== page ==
Texas Senate fast-tracks several bills that would limit abortion

Published: Mar. 26, 2021 at 6:26 PM CDT
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KILLEEN, Texas (KWTX) - Last week, a Texas Senate committee heard, voted on and passed out of committee seven bills that would limit access to abortion across the state.

Anti-abortion and abortion rights advocates alike have said that the upper chamber is moving quickly — more quickly than it has in previous legislative sessions.

“To reconvene and pass all the seven pro-life bills out of committee was very unusual and awesome,” said Rebecca Parma, a legislative associate at Texas Right to Life.

“This absolutely feels like a different kind of session for abortion rights,” said Caroline Duble, the political director at AVOW, an abortion rights group in Texas.

One of the most notable bills is Senate Bill 8 by state Sen. Bryan Hughes, R-Mineola, which would ban an abortion after a fetal heartbeat had been detected.

It would also allow anyone to sue in civil court an abortion provider that violated this law.

“This bill is uniquely worse than 6-week bans that have been filed in other states because it also opens the door up for frivolous and harassing lawsuits against doctors and anyone who helps patients access care,” Duble told KWTX.

“So that could be a mother giving money to their child or someone giving a ride for someone to have an abortion,” she added.

Meanwhile, Parma called the bill “very dynamic.”

“It includes the heartbeat aspect, which is super important, and then has these other legal tools as well to continue help protecting more pre-born children,” she told KWTX.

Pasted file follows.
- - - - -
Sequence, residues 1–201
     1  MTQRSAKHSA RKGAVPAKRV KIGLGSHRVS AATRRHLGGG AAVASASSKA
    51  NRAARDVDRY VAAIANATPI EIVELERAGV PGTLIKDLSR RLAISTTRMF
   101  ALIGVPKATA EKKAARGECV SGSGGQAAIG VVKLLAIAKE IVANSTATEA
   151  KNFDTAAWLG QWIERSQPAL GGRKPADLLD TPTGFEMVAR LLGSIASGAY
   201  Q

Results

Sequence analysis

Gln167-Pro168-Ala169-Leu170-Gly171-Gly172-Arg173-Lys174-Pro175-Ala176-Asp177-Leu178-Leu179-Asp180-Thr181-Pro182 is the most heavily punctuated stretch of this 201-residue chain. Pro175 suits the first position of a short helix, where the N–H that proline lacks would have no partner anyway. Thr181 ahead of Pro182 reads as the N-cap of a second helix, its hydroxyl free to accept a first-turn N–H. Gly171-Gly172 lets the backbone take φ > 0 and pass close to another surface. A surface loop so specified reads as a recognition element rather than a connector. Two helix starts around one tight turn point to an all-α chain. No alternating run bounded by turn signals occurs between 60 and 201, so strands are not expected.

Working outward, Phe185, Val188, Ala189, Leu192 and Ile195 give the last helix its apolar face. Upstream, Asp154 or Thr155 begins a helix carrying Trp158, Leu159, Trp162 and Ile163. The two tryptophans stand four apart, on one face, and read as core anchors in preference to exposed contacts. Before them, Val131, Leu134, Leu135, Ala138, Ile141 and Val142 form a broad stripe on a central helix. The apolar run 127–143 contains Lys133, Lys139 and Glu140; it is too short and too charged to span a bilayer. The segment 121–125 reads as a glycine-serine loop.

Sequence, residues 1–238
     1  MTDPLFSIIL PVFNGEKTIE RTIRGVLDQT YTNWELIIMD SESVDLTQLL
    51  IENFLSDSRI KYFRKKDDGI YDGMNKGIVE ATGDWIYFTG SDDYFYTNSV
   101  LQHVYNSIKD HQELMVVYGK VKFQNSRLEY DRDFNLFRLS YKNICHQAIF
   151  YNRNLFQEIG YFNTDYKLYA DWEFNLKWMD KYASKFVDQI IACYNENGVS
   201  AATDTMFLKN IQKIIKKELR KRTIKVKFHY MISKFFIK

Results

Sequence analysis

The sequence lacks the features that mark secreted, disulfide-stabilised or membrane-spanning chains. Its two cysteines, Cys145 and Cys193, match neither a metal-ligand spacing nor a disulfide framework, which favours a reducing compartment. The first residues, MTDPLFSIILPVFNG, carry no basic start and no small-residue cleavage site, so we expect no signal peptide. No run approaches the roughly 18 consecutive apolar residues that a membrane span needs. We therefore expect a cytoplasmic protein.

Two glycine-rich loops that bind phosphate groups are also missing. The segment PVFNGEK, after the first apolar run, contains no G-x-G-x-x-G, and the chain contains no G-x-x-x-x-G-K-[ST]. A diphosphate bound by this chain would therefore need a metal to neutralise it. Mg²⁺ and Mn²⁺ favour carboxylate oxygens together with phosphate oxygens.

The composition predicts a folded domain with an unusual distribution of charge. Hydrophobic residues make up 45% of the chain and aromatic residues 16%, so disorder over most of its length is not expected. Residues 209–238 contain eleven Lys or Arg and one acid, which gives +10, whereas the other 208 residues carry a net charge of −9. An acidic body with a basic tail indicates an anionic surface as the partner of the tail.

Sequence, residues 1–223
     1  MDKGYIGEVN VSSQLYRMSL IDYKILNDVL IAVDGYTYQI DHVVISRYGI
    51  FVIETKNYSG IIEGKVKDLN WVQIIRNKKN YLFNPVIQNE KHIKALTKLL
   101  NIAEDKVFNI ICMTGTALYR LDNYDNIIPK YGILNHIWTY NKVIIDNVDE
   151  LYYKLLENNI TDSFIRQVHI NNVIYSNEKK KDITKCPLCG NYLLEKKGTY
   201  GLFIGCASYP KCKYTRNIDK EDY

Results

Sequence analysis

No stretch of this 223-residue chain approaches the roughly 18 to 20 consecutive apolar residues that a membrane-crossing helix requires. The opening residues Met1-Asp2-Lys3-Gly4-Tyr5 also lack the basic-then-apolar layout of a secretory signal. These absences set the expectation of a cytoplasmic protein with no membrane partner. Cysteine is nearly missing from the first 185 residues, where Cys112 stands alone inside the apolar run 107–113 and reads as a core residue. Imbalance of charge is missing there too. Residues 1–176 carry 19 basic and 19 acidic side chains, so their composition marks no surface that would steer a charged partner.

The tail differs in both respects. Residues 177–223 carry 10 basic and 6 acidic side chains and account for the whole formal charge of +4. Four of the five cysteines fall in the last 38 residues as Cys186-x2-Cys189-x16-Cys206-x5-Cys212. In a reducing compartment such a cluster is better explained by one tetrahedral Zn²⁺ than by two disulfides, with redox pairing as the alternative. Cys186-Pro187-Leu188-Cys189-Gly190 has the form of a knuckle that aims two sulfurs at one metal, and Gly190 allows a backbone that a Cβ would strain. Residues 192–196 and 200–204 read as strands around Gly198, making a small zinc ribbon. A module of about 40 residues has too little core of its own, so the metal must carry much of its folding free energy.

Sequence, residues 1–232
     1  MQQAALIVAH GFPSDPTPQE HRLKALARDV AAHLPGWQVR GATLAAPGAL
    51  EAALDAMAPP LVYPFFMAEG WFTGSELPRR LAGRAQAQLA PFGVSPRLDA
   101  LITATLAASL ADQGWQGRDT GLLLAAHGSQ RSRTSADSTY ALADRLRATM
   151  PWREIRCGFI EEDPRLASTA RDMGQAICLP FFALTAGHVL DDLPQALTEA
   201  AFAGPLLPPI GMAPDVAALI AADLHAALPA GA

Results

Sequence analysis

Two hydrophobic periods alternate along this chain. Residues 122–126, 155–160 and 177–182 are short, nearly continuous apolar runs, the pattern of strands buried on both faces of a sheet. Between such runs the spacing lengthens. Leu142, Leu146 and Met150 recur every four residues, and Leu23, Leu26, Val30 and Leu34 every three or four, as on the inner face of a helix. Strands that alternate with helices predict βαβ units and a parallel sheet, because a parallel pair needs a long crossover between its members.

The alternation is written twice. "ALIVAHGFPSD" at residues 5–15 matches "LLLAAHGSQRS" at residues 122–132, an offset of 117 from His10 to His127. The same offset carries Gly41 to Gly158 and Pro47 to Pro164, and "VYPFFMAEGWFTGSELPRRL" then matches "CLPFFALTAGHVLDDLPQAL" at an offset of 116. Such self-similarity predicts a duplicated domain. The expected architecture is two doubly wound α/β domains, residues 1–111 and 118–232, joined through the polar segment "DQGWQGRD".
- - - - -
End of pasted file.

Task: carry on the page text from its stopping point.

Another bill fast-tracked by the Senate is Senate Bill 9, which would ban most abortions in Texas if the U.S. Supreme Court overturned Roe v. Wade, the 1973 case that found that state laws banning abortions were unconstitutional.

Senate Bill 802 would require that women were offered certain pre-abortion resources and create a government database to keep track of that information.

Other bills would ban later-term abortions in certain cases and prohibit cities from spending money on various support services related to abortions.

Abortion rights advocates have said that state lawmakers are emboldened by a new conservative majority on the U.S. Supreme Court, which has led them to file bills they might not have in previous years.

“The Trump administration Supreme Court nominees open up a political window for them,” Duble said.

“We want our bills to challenge Roe v. Wade; we want them to go through the court system and undermine Roe v. Wade,” Parma said.

The seven bills are expected to clear the full Senate easily, but they could face a tougher road in the House.

“At the House we have a lot more opportunity for persuasion when it comes to our lawmakers,” Duble said.

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